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Adam Taylor’s MicroZed Chronicles, Part 215: Using the ADV7611 on the HDMI FMC card

by Xilinx Employee on ‎09-11-2017 09:58 AM (4,446 Views)

 

By Adam Taylor

 

 

When we surveyed the different types of HDMI sources and sinks recently for our Zynq SoC and Zynq UltraScale+ MPSoC designs, one HDMI receiver we discussed was the ADV7611. This device receives three TDMS data streams and converts them into discrete video and audio outputs, which can then be captured and processed. Of course, the ADV7611 is a very capable and somewhat complex device. It requires configuration prior to use. We are going to examine how we can include one within our design.

 

 

 

Image1.jpg

 

ZedBoard HDMI Demonstration Configuration

 

 

 

To do this, we need an ADV7611. Helpfully, the FMC HDMI card provides two HDMI inputs, one of which uses an ADV7611. The second equalizes the TMDS data lanes and passes them on directly to the Zynq SoC for decoding.

 

To demonstrate how we can get this device up and running with our Zynq SoC or Zynq UltraScale+ MPSoC, we will create an example that uses the ZedBoard with the HDMI FMC. For this example, we first need to create a hardware design in Vivado that interfaces with the ADV7611 on the HDMI FMC card. To keep this initial example simple, I will be only receiving the timing signals output by the ADV7611. These signals are:

 

  • Local Locked Clock (LLC) – The pixel clock.
  • HSync – Horizontal Sync, indicates the start of a new line.
  • VSync – Vertical Sync, indicates the start of a new frame.
  • Video Active – indicates that the pixel data is valid (e.g. we are not in a Sync or Blanking period)

 

This approach uses the VTG’s (Video Timing Generator’s) detector to receive the sync signals and identify the received video’s timing parameters and video mode. Once the ADV7611 correctly identifies the video mode, we have configured correctly. It is then a simple step to connect the received pixel data to a Video-to-AXIS IP block and use VDMA to write the received video frames into DDR memory for further processing.

 

For this example, we need the following IP blocks:

 

  • VTC (Video Timing Controller) – Configured for detection and to receive sync signals only.
  • ILA – Connected to the sync signals so that we can see that they are toggling correctly—to aid debugging and commissioning.
  • Constant – Set to a constant 1 to enable the clock and detector enables.

 

The resulting block diagram appears below. The eagle-eyed will also notice the addition both a GPIO output and I2C bus from the processor system. We need these to control and configure the ADV7611.

 

 

Image2.jpg

 

 

Simple Architecture to detect the video type

 

 

Following power up, the ADV7611 generates no sync signals or video. We must first configure the device, which requires the use of an I2C bus. We therefore need to enable one of the two I2C controllers within the Zynq PS and route the IO to the EMIO so that we can then route the I2C signals (SDA and SCL) to the correct pins on the FMC connector. The ADV7611 is a complex device to configure with multiple I2C addresses that address different internal functions within the device. EDID and High-bandwidth Digital Content Protection (HDCP), for example.

 

We also need to be able to reset the ADV7611 following the application of power to the ZedBoard and FMC HDMI. We use a PS GPIO pin, output via the EMIO, to do this. Using a controllable I/O pin for this function allows the application software to reset of the device each time we run the program. This capability is also helpful when debugging the software application to ensure that we start from a fresh reset each time the program runs—a procedure that prevents previous configurations form affecting the next.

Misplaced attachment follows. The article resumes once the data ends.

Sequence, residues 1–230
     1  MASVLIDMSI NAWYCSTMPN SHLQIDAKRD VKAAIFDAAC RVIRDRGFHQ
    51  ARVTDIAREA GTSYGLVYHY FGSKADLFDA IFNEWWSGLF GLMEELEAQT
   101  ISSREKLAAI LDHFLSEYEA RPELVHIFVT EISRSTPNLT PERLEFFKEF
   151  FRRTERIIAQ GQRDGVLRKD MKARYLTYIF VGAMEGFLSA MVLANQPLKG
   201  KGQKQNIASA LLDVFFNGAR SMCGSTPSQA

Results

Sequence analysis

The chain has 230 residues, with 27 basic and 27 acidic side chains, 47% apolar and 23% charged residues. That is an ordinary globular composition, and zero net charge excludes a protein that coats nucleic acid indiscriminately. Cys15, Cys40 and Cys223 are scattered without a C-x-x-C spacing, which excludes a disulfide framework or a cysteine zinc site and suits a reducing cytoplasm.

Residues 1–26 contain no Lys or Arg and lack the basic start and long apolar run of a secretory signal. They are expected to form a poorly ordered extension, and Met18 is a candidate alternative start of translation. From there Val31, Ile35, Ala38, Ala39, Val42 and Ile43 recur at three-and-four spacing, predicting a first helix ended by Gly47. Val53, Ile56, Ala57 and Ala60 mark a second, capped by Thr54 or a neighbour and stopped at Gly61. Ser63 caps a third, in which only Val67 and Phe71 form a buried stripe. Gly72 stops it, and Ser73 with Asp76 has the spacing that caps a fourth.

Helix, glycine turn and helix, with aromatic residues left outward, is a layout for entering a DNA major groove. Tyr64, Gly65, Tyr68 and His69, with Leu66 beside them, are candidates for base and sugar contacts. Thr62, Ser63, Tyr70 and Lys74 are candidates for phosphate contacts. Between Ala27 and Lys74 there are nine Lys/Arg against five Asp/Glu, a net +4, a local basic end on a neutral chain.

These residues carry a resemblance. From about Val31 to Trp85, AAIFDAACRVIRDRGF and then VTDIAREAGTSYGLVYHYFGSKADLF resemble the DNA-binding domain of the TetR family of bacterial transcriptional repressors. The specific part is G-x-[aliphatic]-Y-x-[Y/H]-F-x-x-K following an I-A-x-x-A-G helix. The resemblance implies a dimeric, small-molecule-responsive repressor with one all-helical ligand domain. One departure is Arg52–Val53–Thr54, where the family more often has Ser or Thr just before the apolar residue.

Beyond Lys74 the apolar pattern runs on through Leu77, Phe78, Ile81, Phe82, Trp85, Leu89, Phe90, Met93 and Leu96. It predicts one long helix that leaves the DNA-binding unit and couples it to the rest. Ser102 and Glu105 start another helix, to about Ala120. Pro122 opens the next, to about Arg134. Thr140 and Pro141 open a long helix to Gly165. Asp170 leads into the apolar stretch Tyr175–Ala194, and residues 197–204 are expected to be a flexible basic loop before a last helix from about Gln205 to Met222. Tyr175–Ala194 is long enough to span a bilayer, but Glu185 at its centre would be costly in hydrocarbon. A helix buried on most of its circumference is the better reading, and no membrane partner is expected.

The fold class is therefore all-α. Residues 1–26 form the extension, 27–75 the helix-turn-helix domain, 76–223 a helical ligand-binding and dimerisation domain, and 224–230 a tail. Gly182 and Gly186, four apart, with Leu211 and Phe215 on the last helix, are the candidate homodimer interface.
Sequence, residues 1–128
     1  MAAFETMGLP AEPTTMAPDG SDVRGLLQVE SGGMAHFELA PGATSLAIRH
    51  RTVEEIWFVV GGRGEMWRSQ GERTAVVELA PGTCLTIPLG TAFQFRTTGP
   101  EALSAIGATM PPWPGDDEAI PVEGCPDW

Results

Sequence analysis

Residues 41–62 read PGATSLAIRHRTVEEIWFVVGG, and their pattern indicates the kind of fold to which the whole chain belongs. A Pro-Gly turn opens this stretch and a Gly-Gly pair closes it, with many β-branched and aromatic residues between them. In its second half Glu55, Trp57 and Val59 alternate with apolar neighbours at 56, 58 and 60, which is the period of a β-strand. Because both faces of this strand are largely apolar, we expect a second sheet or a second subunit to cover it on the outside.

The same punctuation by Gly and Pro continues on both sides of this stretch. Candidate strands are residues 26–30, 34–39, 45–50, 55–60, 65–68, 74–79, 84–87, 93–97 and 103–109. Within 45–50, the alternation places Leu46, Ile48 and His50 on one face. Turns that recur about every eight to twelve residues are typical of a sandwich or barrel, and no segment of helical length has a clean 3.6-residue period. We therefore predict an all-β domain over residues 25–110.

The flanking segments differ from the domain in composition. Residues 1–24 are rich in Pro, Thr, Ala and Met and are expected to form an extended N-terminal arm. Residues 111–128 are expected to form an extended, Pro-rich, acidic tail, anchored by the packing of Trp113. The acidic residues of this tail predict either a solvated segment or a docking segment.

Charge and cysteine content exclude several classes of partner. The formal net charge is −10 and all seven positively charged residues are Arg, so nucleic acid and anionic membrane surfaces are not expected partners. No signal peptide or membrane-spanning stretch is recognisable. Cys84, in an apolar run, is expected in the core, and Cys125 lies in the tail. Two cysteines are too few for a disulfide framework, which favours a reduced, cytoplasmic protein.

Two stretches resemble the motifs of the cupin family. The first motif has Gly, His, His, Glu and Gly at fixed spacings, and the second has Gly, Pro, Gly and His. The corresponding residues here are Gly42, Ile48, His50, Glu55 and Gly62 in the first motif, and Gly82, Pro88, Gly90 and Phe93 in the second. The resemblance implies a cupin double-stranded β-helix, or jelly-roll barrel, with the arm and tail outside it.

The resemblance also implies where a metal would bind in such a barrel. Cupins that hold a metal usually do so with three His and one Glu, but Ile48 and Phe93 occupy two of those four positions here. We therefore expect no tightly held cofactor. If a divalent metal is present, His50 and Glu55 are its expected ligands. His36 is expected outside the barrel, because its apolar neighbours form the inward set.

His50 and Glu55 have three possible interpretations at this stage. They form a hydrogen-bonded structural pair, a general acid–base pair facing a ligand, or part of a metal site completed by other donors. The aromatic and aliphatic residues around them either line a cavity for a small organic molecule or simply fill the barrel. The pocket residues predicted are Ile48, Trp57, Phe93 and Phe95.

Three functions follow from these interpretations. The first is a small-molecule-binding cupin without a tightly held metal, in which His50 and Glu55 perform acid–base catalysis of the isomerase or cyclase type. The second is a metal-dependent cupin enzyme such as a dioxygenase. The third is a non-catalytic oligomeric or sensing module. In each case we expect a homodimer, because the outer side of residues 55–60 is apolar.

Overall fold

With the block diagram completed, all that remains is to build the design with the location constraints (identified below) to connect to the correct pins on the FMC connector for the ADV7611.

 

 

 

Image3.jpg

 

Vivado Constraints for the ADV7611 Design

 

 

 

Once Vivado generates the bit file, we are ready to begin configuring the ADV7611. Using the I2C interface this way is quite complex, so we will examine the steps we need to do this in detail in the next blog. However, the image below shows one set of the results from the testing of the completed software as it detects a VGA (640 pixel by 480 line) input:

 

 

 

Image4.jpg 

 

 

VTC output when detecting VGA input format

 

 

 

 

References:

 

https://reference.digilentinc.com/fmc_hdmi/refmanual

 

http://www.analog.com/media/en/technical-documentation/user-guides/UG-180.pdf

 

http://www.analog.com/media/en/evaluation-boards-kits/evaluation-software/ADV7611_Software_Manual.pdf

 

 

 

Code is available on Github as always.

 

 

If you want E book or hardback versions of previous MicroZed chronicle blogs, you can get them below.

 

 

 

  • First Year E Book here
  • First Year Hardback here.

 

 

 

MicroZed Chronicles hardcopy.jpg

  

 

 

  • Second Year E Book here
  • Second Year Hardback here

 

 

MicroZed Chronicles Second Year.jpg 

 

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About the Author
  • Be sure to join the Xilinx LinkedIn group to get an update for every new Xcell Daily post! ******************** Steve Leibson is the Director of Strategic Marketing and Business Planning at Xilinx. He started as a system design engineer at HP in the early days of desktop computing, then switched to EDA at Cadnetix, and subsequently became a technical editor for EDN Magazine. He's served as Editor in Chief of EDN Magazine, Embedded Developers Journal, and Microprocessor Report. He has extensive experience in computing, microprocessors, microcontrollers, embedded systems design, design IP, EDA, and programmable logic.